Ebrahimi FA, Samimi M, Foroozanfard F, Jamilian M, Akbari H, Rahmani E, Ahmadi S, Taghizadeh M, Memarzadeh MR, Asemi Z.

Exp Clin Endocrinol Diabetes. 2017 Apr 13. doi: 10.1055/s-0042-117773. [Epub ahead of print]

Abstract

This study was conducted to determine the effects of omega-3 fatty acids and vitamin E co-supplementation on indices of insulin resistance and hormonal parameters in women with polycystic ovary syndrome (PCOS). This randomized double-blind, placebo-controlled trial was done on 68 women diagnosed with PCOS according to the Rotterdam criteria aged 18-40 years old. Participants were randomly assigned into 2 groups to receive either 1 000 mg omega-3 fatty acids from flaxseed oil containing 400 mg α-Linolenic acid plus 400 IU vitamin E supplements (n=34) or placebo (n=34) for 12 weeks. Hormonal parameters were quantified at the beginning of the study and after 12-week intervention. After 12 weeks of intervention, compared to the placebo, omega-3 fatty acids and vitamin E co-supplementation resulted in a significant decrease in insulin (-1.0±3.5 vs. +2.7±6.6 µIU/mL, P=0.004), homeostasis model of assessment-estimated insulin resistance (-0.2±0.8 vs. +0.6±1.5, P=0.005), homeostasis model of assessment-estimated B cell function (-4.3±14.3 vs. +10.5±24.5, P=0.004) and a significant increase in quantitative insulin sensitivity check index (+0.006±0.02 vs. -0.01±0.04, P=0.008). Supplementation with omega-3 fatty acids plus vitamin E led to significant reductions in serum total testosterone (-0.5±0.7 vs. -0.1±0.5 ng/mL, P=0.008) and free testosterone (-1.2±2.1 vs. -0.2±1.7, P=0.04) compared to the placebo group. We did not observe any significant effect of omega-3 fatty acids and vitamin E co-supplementation on fasting plasma glucose and other hormonal profiles. Omega-3 fatty acids and vitamin E co-supplementation for 12 weeks in PCOS women significantly improved indices of insulin resistance, total and free testosterone.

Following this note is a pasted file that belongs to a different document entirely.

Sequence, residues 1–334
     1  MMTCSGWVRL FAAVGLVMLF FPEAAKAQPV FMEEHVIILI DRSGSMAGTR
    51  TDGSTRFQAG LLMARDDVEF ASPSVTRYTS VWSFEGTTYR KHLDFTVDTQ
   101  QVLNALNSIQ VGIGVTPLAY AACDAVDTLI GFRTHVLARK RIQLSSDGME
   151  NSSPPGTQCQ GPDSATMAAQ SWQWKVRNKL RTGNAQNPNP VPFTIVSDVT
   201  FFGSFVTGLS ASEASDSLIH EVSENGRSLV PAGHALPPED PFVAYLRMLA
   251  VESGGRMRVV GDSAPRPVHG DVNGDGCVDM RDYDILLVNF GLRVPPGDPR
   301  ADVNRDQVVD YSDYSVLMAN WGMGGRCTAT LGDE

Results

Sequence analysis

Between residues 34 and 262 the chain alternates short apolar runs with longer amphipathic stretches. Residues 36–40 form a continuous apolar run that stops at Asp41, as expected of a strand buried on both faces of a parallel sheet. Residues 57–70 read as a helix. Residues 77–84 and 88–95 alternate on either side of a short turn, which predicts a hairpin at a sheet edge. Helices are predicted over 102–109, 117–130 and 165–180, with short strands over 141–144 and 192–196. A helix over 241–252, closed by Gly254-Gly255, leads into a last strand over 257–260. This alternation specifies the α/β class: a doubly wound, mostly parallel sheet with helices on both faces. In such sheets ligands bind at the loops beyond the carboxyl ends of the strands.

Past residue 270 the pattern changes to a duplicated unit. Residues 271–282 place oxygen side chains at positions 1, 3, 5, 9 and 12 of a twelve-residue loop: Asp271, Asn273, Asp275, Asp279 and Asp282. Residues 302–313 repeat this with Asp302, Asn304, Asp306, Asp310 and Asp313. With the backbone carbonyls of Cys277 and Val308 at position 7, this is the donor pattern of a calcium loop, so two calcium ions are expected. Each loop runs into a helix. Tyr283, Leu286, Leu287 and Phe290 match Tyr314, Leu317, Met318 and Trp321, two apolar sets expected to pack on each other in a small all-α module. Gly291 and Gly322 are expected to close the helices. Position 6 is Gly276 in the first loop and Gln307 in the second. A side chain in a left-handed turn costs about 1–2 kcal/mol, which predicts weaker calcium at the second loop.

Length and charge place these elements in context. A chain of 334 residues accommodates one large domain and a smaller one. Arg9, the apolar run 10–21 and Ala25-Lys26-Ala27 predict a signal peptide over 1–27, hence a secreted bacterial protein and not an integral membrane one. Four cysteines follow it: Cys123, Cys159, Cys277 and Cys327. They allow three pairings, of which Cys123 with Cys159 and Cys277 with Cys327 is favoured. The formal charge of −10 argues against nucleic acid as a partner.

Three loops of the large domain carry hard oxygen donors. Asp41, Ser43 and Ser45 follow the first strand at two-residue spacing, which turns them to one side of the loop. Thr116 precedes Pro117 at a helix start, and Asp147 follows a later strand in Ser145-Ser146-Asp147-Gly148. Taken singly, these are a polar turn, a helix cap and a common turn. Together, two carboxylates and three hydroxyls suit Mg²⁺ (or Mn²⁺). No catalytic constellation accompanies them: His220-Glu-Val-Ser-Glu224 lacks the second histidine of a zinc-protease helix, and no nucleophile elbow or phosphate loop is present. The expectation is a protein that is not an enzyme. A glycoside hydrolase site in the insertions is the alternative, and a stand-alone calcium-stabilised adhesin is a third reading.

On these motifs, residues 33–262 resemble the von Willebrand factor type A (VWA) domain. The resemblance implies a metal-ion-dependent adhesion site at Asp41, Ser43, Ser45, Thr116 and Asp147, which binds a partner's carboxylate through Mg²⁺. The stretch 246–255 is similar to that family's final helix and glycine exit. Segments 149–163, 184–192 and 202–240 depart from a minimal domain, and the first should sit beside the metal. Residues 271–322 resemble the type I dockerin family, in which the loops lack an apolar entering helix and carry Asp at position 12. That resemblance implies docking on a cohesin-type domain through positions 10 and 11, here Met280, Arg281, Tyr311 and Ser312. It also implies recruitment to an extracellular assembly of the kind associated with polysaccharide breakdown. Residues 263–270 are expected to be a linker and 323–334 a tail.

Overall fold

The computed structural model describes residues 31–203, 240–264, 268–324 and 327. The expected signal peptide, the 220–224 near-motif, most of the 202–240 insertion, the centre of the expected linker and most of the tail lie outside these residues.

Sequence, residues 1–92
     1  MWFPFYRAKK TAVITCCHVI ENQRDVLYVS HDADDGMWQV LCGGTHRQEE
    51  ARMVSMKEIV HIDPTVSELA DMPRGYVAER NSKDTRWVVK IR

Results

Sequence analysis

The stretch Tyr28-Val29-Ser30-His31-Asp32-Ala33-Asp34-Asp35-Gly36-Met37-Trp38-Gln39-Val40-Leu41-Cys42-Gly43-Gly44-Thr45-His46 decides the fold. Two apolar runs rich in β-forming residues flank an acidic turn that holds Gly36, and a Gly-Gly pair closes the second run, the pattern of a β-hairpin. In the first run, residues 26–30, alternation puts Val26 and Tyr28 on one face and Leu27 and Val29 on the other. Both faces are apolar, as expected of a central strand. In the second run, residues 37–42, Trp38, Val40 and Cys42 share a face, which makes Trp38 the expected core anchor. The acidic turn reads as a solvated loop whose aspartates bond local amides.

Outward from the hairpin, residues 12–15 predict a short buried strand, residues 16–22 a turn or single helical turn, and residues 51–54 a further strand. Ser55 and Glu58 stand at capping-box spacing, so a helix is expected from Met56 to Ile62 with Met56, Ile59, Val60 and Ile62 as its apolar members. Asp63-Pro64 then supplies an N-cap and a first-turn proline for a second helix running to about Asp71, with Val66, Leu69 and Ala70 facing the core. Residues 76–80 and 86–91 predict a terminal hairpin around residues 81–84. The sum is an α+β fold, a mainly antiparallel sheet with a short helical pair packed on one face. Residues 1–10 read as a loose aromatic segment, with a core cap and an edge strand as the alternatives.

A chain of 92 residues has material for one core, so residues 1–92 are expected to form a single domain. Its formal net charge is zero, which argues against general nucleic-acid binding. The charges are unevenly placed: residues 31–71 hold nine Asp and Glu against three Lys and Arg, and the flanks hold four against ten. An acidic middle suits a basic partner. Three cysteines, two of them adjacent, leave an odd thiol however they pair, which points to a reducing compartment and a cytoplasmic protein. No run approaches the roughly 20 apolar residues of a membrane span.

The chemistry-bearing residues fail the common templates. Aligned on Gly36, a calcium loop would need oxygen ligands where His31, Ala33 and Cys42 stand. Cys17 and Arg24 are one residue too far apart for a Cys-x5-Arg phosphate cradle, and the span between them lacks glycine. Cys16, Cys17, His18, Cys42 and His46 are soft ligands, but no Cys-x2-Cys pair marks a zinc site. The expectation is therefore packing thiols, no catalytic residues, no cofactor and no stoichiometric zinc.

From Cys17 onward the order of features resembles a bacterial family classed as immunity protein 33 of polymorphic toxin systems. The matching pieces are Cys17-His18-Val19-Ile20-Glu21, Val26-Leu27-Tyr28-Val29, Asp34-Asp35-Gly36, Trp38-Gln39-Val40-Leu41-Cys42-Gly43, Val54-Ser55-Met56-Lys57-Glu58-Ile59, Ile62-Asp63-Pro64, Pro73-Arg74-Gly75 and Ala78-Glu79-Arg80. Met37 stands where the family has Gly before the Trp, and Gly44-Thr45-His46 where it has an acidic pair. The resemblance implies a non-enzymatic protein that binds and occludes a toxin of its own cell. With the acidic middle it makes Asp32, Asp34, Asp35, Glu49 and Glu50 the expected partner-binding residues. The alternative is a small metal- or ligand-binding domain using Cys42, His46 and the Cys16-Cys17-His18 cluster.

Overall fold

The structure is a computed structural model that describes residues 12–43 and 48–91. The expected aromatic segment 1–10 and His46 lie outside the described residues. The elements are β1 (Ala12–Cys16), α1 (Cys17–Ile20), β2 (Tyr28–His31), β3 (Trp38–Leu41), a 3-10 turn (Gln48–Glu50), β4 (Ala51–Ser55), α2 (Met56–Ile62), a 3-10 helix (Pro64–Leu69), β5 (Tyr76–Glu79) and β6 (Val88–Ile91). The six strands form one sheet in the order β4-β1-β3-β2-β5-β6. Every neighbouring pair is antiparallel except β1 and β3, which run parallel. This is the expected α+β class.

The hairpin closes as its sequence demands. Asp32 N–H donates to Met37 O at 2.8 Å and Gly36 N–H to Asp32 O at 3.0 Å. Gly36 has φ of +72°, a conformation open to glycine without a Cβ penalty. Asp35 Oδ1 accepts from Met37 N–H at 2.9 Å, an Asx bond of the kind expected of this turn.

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The truth about superfoods and antioxidants

What can be pretty annoying are things which are extravagantly marketed despite the fact that they cannot possibly match depicted expectations. One such item is a fad called “clean eating” – this irritates me because the term implies that if we do not embrace the foods faddists suggest, then somehow we would be eating dirty rubbish instead.